Ronna sometimes brings out the best in me. I’m more caring and patient when I’m with her.

Back home, I was tired and needed to get into bed. Ronna made the couch up for me while I undressed and put on Miami Vice. We talked a little: she’s being hassled at work and is upset that she’s got warts on her face.

The medicine the dermatologist gave her burned, and she was afraid of my catching the warts, so our first hugs weren’t face to face. But then it seemed silly – maybe I’ll regret it later – and I kissed her more than once.

In bed, we cuddled and touched each other but didn’t let things get too out of hand. By midnight, I was really tired and we went to sleep. I slept fabulously, glad to be near Ronna.

I dreamed we were in high school together, and I had more of the Florida dreams I’ve been having lately. I also dreamed I was in bed with Wes. It was seven years ago that I had such a crush on him.

I know I’m gay, and I’ll always prefer men to women, but I also love Ronna and know that for both of us, last night was good.

There’s nothing wrong with Ronna and I giving each other a little physical love, especially when neither of us has experienced it lately elsewhere. If it makes Ronna feel as desirable and cared-for as it makes me feel, then it’s worth it.

At 8 AM, the alarm went off, and I started kissing and hugging her; then I cleaned up and got dressed and went off.

It was a foggy, dreary morning outside. After returning to Happy Burger for breakfast, I took the subway up to Columbia and arrived just in time for Computer Graphics class.

Howard did more BASIC programming today, and I learned more about POKE-ing things into memory than I had known before. We discussed the principles of graphics and went over other stuff.

During our hour break, instead of having lunch, I went downstairs to the computer room to meet Chris – he’s not only such a hunk but very sweet too – and other members of the Programming class.

I got the hang of the EMACS text editor pretty easily and put in a Pascal program, ran it, modified it, and also typed in and ran a simple BASIC program. Pascal is a challenging language.

Back upstairs, I unfortunately had one of those accidents programmers have: I erased my disk by mistake. But I didn’t have much on it, just some hi-res drawings in Koala Pad pictures.

I worked in SuperPILOT, finding that the commands were coming back to me. I may do my final project in PILOT rather than using another tool or BASIC.

After class, I stayed on, programming till 1:30 PM, and then I went back downstairs to the DEC-20 and worked on the Pascal program for our first project. It needs a lot of refining, but I know I’ll do it before it’s due in two weeks. Both courses seem under control.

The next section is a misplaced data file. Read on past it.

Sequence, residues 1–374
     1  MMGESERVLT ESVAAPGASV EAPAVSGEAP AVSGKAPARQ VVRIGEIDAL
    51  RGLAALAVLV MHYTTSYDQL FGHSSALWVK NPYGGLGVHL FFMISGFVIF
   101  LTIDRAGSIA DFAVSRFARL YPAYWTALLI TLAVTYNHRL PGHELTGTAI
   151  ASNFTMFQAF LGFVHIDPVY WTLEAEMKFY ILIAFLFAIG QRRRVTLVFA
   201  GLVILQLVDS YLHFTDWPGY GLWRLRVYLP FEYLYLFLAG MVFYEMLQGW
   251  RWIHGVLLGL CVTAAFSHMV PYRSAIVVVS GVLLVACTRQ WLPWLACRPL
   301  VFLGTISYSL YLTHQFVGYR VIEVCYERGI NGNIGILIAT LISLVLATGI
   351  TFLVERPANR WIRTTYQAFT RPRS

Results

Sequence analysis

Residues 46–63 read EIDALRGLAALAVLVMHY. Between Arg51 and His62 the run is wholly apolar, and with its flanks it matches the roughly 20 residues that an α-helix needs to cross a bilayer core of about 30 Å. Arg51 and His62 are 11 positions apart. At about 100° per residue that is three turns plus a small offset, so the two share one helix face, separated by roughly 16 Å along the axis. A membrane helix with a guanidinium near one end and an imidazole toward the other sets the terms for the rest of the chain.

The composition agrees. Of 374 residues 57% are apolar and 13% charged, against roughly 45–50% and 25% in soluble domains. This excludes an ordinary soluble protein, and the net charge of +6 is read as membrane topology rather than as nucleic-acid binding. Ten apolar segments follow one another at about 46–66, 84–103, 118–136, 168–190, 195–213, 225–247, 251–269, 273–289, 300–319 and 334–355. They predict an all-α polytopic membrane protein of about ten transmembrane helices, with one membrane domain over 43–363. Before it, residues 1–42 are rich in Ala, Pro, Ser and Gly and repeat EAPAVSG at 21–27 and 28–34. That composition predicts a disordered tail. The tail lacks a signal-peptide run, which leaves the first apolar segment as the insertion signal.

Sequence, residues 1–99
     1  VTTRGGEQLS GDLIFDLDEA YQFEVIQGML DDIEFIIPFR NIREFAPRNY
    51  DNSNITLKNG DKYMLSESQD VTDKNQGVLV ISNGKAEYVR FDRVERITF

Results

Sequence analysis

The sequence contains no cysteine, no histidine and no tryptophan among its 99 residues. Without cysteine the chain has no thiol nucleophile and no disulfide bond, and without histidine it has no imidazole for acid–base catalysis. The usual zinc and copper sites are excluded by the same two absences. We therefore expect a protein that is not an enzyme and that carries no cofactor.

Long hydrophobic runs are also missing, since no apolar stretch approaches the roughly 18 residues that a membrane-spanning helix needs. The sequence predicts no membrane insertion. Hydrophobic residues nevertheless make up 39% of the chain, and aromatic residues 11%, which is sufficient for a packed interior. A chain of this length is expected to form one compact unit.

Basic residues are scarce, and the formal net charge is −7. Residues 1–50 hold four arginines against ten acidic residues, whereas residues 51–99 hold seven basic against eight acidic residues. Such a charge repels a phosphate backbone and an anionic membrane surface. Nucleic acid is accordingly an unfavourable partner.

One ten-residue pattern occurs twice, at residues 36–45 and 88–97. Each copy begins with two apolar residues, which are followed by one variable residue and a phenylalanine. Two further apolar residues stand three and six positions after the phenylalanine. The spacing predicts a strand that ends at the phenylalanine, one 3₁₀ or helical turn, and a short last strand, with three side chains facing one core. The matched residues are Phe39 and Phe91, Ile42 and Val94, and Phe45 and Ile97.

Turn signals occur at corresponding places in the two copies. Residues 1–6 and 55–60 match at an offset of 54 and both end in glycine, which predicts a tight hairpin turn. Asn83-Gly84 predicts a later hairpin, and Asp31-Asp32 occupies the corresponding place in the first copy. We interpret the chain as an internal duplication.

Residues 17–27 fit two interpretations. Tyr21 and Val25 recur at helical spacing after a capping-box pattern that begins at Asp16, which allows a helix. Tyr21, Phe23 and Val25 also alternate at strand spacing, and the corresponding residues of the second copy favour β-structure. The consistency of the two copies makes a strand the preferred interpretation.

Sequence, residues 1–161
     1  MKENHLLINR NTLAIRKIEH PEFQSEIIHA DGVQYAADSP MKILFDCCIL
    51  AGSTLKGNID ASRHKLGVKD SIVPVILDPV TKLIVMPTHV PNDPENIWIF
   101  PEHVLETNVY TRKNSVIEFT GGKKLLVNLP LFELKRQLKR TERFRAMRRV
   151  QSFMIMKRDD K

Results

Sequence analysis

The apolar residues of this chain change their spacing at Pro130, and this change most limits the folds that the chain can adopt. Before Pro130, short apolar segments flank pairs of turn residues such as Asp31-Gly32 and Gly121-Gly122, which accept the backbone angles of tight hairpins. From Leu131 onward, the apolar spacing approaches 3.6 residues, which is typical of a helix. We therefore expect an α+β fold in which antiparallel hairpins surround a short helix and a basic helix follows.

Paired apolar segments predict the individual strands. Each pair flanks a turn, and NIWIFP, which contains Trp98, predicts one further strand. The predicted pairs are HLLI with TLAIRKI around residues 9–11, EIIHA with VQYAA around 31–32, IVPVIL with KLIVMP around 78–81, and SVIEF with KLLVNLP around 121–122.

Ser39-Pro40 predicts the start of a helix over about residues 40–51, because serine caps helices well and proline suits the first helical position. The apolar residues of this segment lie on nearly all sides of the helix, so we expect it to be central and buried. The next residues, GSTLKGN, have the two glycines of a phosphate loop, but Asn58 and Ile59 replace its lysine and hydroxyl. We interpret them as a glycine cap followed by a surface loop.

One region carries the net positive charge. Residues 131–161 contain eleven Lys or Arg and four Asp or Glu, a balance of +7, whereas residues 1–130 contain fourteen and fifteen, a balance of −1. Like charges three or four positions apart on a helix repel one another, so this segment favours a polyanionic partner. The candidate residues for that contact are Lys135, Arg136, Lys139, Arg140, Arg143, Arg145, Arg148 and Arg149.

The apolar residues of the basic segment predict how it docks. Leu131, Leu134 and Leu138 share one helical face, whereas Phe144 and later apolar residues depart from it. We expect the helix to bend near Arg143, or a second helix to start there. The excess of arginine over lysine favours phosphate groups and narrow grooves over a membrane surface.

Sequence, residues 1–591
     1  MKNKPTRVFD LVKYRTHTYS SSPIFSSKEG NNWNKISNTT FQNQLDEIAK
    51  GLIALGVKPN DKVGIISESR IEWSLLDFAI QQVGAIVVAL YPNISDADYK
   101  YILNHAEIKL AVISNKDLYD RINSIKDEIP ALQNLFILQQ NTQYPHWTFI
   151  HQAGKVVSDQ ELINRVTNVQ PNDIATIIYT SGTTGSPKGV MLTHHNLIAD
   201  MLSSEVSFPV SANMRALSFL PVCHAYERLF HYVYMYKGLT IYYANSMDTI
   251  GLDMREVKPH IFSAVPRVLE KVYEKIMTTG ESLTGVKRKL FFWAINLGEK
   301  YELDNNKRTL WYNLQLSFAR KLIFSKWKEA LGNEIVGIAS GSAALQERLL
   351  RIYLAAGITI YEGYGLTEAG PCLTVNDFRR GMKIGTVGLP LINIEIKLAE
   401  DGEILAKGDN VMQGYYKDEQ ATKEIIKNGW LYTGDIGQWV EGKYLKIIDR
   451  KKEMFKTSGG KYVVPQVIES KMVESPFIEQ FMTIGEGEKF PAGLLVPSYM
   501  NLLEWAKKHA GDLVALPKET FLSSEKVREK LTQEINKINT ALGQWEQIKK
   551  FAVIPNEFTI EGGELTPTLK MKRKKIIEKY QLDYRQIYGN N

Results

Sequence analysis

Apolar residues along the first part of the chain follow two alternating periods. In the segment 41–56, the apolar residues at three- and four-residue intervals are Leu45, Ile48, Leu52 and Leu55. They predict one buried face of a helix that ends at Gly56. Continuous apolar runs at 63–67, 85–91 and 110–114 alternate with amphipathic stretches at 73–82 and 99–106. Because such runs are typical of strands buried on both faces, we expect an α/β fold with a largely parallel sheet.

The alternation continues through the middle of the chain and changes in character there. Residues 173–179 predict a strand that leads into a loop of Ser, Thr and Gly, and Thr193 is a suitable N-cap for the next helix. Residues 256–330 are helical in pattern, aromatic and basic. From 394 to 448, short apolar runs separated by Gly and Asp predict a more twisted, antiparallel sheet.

On Broadway, I grabbed some lunch and then got on the IRT. At 72nd Street, an amputee on crutches came into the car to collect money. I gave him some coins, and then, as he came to the door to the next car, he burst into laughter.

I soon realized why: crossing his path was another amputee, this one in a wheelchair, also begging. I gave him some loose change, too.

At 14th Street, a guy got off the car and waited for a moment, then suddenly stepped back in and grabbed at a woman’s neck; then he quickly ran away as the doors closed. I’d seen it perfectly from my vantage point, but he was so fast, I couldn’t react.

What he’d done, of course, was snatch three gold chains. The woman, a young West Indian, hardly reacted at first. She said she’d just bought the chains and still had the receipt for them.

“I never usually sit next to the door,” she told me. As we made our way into Brooklyn and the reality of the event hit her, she kept saying “I just can’t believe it.”

Back home, the phone was working again; evidently they fixed it from the outside, for Jim said no repairman had come to the house. I went out for dinner, got my laundry, typed up some letters, did some more programming, and watched Dallas, which I’d taped. Now I’ll go out for Sunday’s Times.

Monday, October 7, 1985

7 PM. Teaching tired me out today, and I didn’t have much of a break between Baruch and John Jay because I had to spend it marking papers.

Sometimes I feel useless as a writing teacher, and yet I know there are times when I help someone. Some students haven’t bought their textbooks yet; they come in late; they don’t do assignments; and a few students showed up for the first time today, nearly a month after class first began.

Yes, if I were another kind of a teacher, I’d be stricter, but what’s the point of that? It would only make me crazier, and I’d probably just lose people totally. I’ll lose them soon enough anyway.

Teresa says I’m too “noble” when I say I have to take a lot of time grading papers because students deserve their money’s worth – but really, I do as little as I can and still have a clear conscience. (How Teresa has a clear conscience is another matter.)

I hesitate to think about returning to live with Teresa for the rest of the year once Justin comes back to Park Slope, because I remember last fall when I had little privacy and had to sneak moments to write in my journal, to read, or to exercise.

After being by myself for so long, I can’t imagine returning to enforced togetherness of Teresa’s one-bedroom apartment; I’m still looking for a sublet of $500 or less for November and December.